A Late Antique Monastery in Upper Egypt at Naga ed-Deir

Ms. Elizabeth O'Connell is a Doctoral Candidate at the University of CA, Berkeley. She received both her BA and MA from Berkeley, and was a student curator for the Coptic Section of the 2000-2001 Egyptian Exhibition at the Phoebe A. Hearst Museum of Anthropology. Her specialty is Late Antique religions.

Ms. O'Connell opened her lecture by giving the audience a bit of background surrounding monastic orders in Egypt, noting that as early as the 3rd century AD early Egyptian Christians began to translate literally the guidance, "If you would be perfect, go, sell all you have, give it to the poor, come follow me and you will have treasures in heaven". The Coptic title "monaxo/j" was applied to those who assumed the monastic life. In the late 4th/early 5th centuries, the church defined two models from which monks could choose when determining to follow the monastic life. The first, the anchorite, such as St. Anthony, lived apart in the desert. The second, the cenobite, lived communally in monasteries, based on those established by Pachomius. The latter are traditionally assigned to "deserted" villages within the cultivated land of the Nile Valley. Over time less physically isolated, more socially integrated monastic orders evolved.

The concept of Egyptian Monasticism as a desert movement was largely defined by 4th century texts that circulated throughout the Greek and Latin-speaking world. Two distinct desert categories - the far or further desert inhabited by St. Anthony and some of his followers, and the near desert close to the cultivation. Monasteries such as those at the Wadi Natrun or in the Eastern Desert, which are near the cultivation have been continually occupied or reoccupied, thus providing both historical and architectural data for understanding the monastic world. Ms. O'Connell noted that, "the abundance of monasteries that have lent their Arabic equivalent, "deir", to countless villages in Egypt, emphasize that many Egyptian monasteries were not physically isolated at all.

The Coptic word most often used to describe the location of a monastery is "toou" which translated to "mountain" or just "monastery", and refers to anything beyond the band of cultivation irrigated by the Nile River. It is also the regular designation for the steep grade or escarpment that marks the transition from river valley to desert. The Coptic word "aOnaxore/w" translates as "withdraw" or "ascend". To "withdraw" from society and become an anchorite, literally implies "ascending" up from the valley to the desert escarpment. The rocky escarpment was used for millennia by the Egyptians for the burial of their dead, thus the escarpment above many towns is honey-combed with rock cut tombs. Ms. O'Connell advised that "When the first ascetics sought removal from their contemporaries, that is exactly where they went." Both Anthony and Pachomius are depicted as having occupied tombs during their early days as monks. The tombs are represented as temporary stopping places and metaphoric symbols of monastic renunciation and passionlessness. In some cases the tombs may not have been just transitional, as the great necropolis of ancient Egypt were consistently adopted by ascetics as their earthly residence. "As the perceived dwellings of demons the mastabas and rock-cut tombs of the ancient Egyptians would present a apt challenge to ascetics striving toward perfection!", noted Ms. O'Connell.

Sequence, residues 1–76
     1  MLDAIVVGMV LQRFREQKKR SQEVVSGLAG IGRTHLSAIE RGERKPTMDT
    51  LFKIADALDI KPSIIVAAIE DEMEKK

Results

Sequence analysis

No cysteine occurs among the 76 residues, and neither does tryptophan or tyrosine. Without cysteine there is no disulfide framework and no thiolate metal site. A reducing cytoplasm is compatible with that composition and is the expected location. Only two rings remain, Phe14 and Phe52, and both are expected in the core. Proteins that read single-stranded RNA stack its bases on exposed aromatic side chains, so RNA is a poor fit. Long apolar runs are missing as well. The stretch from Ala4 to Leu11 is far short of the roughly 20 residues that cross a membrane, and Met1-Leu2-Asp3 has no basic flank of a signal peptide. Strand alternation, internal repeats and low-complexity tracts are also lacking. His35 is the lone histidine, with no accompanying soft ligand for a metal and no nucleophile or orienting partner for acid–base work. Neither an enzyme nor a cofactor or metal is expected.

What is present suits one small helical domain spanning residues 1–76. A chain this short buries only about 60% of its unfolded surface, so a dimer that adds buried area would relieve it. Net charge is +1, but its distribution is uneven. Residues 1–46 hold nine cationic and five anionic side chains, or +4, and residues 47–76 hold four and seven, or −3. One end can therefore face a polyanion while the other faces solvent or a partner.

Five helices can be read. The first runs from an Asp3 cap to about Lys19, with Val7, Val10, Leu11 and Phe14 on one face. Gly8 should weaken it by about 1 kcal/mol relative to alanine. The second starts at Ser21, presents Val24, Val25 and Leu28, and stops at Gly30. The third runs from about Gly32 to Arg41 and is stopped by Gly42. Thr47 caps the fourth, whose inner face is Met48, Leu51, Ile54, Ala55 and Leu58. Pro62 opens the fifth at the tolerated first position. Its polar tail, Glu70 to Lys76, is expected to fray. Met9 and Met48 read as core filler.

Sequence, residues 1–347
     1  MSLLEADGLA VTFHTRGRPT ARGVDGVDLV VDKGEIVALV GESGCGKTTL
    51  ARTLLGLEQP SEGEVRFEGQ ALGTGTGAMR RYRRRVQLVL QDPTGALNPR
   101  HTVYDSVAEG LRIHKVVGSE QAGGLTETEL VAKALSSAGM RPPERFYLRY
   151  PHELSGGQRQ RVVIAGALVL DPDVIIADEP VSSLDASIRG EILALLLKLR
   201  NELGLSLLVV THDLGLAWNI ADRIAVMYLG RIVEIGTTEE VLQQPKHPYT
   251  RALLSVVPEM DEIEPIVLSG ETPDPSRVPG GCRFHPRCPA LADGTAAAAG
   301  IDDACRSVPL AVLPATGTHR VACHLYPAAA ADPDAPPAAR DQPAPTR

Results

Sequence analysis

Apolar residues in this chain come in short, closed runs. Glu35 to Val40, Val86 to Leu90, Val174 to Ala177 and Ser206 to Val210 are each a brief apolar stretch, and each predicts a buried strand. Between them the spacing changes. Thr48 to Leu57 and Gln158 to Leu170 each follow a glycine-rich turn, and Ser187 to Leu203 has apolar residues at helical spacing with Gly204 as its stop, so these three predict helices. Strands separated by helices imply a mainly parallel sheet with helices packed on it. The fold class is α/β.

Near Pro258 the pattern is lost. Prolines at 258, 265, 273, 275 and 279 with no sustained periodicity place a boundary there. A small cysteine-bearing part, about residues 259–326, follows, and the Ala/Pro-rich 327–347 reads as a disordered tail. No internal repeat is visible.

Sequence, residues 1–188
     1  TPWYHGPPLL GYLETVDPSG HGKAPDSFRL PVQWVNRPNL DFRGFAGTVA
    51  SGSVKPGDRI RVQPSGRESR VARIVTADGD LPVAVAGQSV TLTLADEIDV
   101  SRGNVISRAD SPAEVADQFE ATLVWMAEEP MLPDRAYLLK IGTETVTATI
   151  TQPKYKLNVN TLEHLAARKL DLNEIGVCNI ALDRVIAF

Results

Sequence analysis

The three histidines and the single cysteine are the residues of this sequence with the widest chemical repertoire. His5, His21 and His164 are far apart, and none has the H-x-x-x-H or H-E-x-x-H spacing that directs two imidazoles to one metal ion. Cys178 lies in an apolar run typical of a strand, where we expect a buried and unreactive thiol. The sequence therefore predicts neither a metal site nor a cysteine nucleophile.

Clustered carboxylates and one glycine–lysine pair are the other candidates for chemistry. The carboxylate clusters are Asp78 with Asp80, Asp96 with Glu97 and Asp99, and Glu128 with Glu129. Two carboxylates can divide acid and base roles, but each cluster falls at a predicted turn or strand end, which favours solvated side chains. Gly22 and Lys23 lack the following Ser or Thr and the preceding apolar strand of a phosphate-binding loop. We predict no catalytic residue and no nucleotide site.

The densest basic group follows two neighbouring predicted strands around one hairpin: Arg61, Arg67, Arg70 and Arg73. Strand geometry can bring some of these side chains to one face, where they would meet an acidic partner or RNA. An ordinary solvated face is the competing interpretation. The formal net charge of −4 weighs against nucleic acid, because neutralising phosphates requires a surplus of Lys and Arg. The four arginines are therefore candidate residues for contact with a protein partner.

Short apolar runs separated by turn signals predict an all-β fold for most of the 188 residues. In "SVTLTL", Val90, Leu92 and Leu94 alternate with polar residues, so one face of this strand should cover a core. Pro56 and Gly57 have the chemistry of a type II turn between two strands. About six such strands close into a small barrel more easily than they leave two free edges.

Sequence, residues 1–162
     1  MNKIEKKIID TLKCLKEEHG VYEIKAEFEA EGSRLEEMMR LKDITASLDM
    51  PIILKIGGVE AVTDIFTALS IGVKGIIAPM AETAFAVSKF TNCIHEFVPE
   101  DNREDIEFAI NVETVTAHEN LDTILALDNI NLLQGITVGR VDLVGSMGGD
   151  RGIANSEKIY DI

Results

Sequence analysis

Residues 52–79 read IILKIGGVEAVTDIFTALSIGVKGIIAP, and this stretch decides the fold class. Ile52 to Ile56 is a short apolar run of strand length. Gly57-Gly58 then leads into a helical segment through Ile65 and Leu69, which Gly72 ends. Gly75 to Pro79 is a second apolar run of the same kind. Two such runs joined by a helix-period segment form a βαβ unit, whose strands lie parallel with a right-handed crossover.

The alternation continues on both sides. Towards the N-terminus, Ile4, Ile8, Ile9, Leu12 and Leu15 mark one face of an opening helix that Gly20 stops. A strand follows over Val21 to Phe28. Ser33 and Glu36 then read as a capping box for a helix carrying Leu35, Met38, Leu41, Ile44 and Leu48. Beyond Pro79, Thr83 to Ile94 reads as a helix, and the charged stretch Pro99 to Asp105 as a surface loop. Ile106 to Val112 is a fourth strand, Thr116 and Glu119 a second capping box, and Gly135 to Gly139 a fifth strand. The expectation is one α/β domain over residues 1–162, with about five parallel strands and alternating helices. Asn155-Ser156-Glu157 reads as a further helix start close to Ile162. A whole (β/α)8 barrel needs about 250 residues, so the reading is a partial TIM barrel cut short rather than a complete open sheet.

The monastery at Naga ed-Deir, is located in the 9th [Thinite] Nome of Upper Egypt across the Nile River from the ancient nome capital, This. The city was occupied throughout late antiquity and there is documented evidence that there were Christian communities living there. Thus, the town and monastery provide an opportunity to study a monastery at the edge of the cultivation, which was never entirely isolated, but neither did it meet the true definition of a cenobitic monastery. The monastery was excavated by George Reisner early in the 20th century, but his work has never been published, though field notes, photos, etc., are available in the Phoebe A. Hearst Museum of Anthropology archives.

Naga ed-Deir, translated, is "The Village of the Monastery". Reisner used the term to include both the ancient and late antique necropolis as well as the monastery. On the monastery side of the river, there is no evidence that a town existed until the Muslim town, also called Naga ed-Deir, came into existence. The necropolis is bordered on the east by the desert escarpment, on the west by the river and by a sheer limestone cliff on the north. Reisner postulated that the Greek city of Lepidopolis, which was superceded by the Muslim town of Mesheikh, some distance to the south, might have been the source of the late antique burials, though Christian grave stela at Meshiekh would indicate that the town had its own cemetery. Reisner found more than 400 "Coptic" burials in cemeteries 500-900, 1500 and 2000. Ms. O'Connell believes that the size and composition of the burials in the late antique cemetery suggest that it was populated by residents of a city or town rather than the occupants of the monastery. She suggested that the necropolis did, in fact, serve the people of This.